In a long-running case, a beneficiary under an estate administrated by his brother failed in his attempt to bring an action against two firms of solicitors which had acted for his brother in his capacity as administrator.
Mark Roberts and his brother John were beneficiaries under their grandmother’s will. John was also the administrator of the estate. Their grandmother's will stated that if John paid the Inheritance Tax (IHT) due on her estate, he would inherit a farm and Mark would receive another property. Otherwise, the two properties would fall into the residue of the estate, to be divided between the two brothers and their aunt.
When his grandmother died in 1995, John paid some of the IHT due and was granted the right to administer the estate. He transferred ownership of the farm to himself and the property was sold. Of the sale proceeds, John received £285,000 and £20,000 was used to discharge estate liabilities. The remaining IHT due was not settled, however. John had appointed two firms of solicitors to advise him.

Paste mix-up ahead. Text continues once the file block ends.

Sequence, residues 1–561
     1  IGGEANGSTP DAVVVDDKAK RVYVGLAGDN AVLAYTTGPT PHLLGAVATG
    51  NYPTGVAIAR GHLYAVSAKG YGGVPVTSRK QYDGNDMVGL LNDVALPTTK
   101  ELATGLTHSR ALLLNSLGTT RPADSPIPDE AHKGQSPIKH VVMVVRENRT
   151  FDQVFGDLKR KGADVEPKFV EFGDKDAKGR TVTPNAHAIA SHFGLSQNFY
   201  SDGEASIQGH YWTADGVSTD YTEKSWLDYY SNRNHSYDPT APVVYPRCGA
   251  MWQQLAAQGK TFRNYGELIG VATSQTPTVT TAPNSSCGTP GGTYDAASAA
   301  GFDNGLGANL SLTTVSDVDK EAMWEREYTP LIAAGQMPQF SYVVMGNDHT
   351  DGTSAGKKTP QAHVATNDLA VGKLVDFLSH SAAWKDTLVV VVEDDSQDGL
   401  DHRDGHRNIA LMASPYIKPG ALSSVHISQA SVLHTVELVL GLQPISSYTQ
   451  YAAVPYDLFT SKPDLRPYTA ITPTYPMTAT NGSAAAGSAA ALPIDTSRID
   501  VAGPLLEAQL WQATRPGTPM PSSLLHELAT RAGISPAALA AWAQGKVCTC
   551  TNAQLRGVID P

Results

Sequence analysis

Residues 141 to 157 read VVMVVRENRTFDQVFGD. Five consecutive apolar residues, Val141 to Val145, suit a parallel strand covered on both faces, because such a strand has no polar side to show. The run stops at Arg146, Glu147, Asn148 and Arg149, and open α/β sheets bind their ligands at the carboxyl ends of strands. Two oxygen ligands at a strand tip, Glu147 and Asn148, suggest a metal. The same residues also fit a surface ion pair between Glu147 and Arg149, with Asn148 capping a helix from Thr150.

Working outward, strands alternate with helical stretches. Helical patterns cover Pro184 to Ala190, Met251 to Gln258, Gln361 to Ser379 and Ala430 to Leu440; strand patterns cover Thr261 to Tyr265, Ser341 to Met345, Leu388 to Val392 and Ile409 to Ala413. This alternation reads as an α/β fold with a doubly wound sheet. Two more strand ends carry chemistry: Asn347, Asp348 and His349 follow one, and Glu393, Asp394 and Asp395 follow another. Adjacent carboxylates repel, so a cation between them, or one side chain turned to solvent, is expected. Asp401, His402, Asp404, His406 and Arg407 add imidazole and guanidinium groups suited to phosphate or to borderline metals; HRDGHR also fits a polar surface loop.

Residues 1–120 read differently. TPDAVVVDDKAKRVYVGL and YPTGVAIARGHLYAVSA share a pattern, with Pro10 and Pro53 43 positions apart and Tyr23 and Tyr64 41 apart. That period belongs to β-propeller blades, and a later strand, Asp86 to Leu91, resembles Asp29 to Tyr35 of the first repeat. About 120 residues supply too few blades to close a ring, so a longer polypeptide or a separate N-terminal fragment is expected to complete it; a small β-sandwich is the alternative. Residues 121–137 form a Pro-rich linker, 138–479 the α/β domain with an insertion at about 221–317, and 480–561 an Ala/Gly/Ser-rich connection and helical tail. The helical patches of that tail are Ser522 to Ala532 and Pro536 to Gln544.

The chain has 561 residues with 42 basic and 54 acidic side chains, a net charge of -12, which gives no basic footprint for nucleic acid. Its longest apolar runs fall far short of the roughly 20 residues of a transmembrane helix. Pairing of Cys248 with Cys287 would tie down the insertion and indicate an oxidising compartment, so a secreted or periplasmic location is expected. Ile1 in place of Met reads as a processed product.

In 2000, Mark had John replaced as administrator by his own solicitor and began proceedings against the two firms that had acted for his brother. He claimed that they were negligent in assisting him to breach the provisions of the will by allowing the sale of the farm without settlement of all the IHT due, thus causing Mark to suffer a loss. The farm, which was the largest estate asset, should have fallen into the residuary estate. In the event, there was insufficient money left to discharge the IHT due or to meet the pecuniary legacies.
The problem was that the solicitors owed a duty of care to the estate, not to Mark personally. He therefore sought to amend his claim to pursue it both personally and on behalf of the estate. A beneficiary can only bring an action on behalf of the estate - known as a 'derivative' action - if special circumstances exist.
The Supreme Court held that Mark’s claim was time-barred and, even if it had not been, there were no special circumstances that permitted him to continue the claim on behalf of the estate.
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